Moto Perpetuo was a brazilian progressive rock band and MPB who was in activity 1973 to 1975. The group became known for revealing the brazilian singer, composer and pianist Guilherme Arantes. They released a single self-titled album that, after successive re-releases in the following decades, became a cult classic.
In 1970, Guilherme Arantes went to see the play Plug, produced by his cousin Solano Ribeiro at Teatro Ruth Escobar and met Diógenes Burani. In a short time, Guilherme (keyboards), Diógenes (drums and percussion) and Rodolfo Grani Júnior (bass) would be accompanying Jorge Mautner in shows in São Paulo. When he entered the Faculty of Architecture and Urbanism at the University of São Paulo, Guilherme met another musician: Cláudio Lucci. When Guilherme introduced his two friends – Diógenes and Cláudio – to each other, the three decided to start a band. Diogenes, in turn, had participated in an “embryo” of the group that Rita Lee was trying to set up with her friend Lucinha Turnbull, after the departure of the first of the Mutantes, which was called Cilibrinas do Eden. From this project, Diógenes had met Gerson Tatini (bass) and Egídio Conde (guitar), suggesting their names to Guilherme and Cláudio.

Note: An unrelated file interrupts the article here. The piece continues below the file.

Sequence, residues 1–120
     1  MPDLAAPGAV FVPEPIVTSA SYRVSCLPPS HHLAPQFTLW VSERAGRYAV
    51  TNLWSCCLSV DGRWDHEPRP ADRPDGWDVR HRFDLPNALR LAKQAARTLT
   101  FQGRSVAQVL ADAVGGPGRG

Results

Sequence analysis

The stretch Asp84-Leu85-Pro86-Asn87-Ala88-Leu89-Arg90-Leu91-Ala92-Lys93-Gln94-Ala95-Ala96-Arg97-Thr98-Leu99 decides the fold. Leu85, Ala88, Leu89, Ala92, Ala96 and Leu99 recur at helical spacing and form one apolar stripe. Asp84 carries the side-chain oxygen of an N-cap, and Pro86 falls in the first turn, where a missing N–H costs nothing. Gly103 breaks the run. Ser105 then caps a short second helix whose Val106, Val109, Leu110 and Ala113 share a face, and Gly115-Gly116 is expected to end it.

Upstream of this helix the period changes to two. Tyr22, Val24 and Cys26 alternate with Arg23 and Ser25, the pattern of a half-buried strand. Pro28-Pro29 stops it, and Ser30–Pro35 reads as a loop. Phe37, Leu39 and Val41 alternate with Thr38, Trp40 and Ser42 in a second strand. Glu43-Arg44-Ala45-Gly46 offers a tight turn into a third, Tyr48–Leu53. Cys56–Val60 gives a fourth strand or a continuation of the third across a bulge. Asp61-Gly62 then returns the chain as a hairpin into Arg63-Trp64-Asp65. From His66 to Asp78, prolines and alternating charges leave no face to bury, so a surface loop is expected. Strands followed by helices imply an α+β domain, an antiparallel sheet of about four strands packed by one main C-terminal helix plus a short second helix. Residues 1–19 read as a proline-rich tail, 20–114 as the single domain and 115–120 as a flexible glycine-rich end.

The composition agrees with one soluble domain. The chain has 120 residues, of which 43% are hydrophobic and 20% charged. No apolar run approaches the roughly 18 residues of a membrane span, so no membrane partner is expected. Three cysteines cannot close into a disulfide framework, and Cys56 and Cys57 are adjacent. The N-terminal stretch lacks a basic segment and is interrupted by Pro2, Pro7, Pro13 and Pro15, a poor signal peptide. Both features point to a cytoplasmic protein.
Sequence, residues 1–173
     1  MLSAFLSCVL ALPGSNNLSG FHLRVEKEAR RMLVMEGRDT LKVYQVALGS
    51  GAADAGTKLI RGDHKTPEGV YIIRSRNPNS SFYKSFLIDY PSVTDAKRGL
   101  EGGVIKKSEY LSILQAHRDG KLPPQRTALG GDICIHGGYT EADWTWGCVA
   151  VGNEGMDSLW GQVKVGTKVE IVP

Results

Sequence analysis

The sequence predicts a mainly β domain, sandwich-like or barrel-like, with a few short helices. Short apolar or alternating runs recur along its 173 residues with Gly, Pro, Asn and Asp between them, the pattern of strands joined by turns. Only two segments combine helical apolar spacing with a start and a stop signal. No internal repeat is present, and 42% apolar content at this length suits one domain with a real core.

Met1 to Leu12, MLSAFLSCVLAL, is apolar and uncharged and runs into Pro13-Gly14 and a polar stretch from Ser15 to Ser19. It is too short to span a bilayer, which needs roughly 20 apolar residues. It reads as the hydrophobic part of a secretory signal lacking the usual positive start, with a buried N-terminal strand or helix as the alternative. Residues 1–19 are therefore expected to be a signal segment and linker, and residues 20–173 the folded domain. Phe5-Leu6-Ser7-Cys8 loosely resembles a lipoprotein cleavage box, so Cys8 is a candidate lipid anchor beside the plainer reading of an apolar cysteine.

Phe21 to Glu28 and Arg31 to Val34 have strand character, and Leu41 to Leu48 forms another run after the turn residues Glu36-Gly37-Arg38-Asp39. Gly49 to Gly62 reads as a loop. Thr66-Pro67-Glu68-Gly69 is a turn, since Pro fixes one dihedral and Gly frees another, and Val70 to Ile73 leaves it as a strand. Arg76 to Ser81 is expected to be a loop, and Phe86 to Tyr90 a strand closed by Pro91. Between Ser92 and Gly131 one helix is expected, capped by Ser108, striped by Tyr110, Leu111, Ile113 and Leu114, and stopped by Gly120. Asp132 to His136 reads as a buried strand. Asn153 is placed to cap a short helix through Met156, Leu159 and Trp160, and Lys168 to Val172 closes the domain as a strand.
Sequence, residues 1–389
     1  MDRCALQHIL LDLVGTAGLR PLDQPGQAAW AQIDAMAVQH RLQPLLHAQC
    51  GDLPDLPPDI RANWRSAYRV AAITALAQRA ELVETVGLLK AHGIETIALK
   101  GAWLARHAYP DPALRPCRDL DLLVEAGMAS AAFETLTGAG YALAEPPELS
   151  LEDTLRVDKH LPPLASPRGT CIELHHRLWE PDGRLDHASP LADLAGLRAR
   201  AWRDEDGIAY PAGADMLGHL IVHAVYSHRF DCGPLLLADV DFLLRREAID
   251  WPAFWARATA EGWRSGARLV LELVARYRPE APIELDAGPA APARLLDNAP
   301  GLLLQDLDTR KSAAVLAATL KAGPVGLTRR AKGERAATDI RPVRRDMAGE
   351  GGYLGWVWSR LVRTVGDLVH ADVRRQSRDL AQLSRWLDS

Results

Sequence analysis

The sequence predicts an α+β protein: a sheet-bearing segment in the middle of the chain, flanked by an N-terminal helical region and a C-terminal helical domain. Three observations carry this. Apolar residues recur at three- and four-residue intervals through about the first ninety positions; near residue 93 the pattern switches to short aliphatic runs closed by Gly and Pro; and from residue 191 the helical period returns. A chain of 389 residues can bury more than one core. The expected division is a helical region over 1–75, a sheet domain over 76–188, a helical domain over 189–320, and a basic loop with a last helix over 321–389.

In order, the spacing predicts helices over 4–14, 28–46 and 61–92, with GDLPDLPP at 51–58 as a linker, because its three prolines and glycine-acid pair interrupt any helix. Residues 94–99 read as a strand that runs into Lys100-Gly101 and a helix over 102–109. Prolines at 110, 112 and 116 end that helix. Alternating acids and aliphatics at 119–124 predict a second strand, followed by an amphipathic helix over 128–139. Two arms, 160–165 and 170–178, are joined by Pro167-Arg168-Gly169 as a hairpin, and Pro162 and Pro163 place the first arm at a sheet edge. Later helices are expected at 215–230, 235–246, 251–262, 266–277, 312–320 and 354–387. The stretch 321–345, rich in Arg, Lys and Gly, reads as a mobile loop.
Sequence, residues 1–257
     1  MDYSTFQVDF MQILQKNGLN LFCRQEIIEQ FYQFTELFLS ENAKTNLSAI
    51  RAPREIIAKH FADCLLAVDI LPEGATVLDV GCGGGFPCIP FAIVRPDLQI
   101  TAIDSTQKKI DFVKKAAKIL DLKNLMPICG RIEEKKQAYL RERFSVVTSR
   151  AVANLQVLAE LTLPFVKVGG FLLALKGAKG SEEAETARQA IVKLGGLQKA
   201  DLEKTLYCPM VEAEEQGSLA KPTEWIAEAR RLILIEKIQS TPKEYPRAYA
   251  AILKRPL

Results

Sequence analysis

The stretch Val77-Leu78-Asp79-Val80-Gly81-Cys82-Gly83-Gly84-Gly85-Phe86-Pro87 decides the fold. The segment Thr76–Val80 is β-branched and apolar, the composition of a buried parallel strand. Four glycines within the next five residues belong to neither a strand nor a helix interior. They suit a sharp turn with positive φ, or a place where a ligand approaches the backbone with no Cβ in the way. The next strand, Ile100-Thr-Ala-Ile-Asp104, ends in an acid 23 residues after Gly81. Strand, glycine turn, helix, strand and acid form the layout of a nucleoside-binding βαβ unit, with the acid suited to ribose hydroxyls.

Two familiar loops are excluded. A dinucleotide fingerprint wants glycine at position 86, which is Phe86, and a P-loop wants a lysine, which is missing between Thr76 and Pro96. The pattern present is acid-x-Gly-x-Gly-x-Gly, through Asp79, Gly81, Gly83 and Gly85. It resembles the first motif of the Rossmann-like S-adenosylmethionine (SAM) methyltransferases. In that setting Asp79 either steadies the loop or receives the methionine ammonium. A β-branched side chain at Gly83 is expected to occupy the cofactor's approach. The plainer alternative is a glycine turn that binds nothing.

After a time of formation of the group, call attention Moracy Val, journalist and producer of the debut album of Dry & Wet starting to work in promoting the band, getting a record deal with GEL for the release of an album studio by Continental label – same record label as Ney Matogrosso, João Ricardo and Gérson Conrad. Thus, in September and October 1974 they recorded – at Estúdio Sonima, in São Paulo – their debut album, Moto Perpétuo, produced by Pena Schmidt and released on November 11, 1974 with a presentation at the Theatro Treze de Maio. A few months later, the group would end up with internal differences, with Guilherme Arantes wanting to move away from that progressive sonority that he considered “elitist”.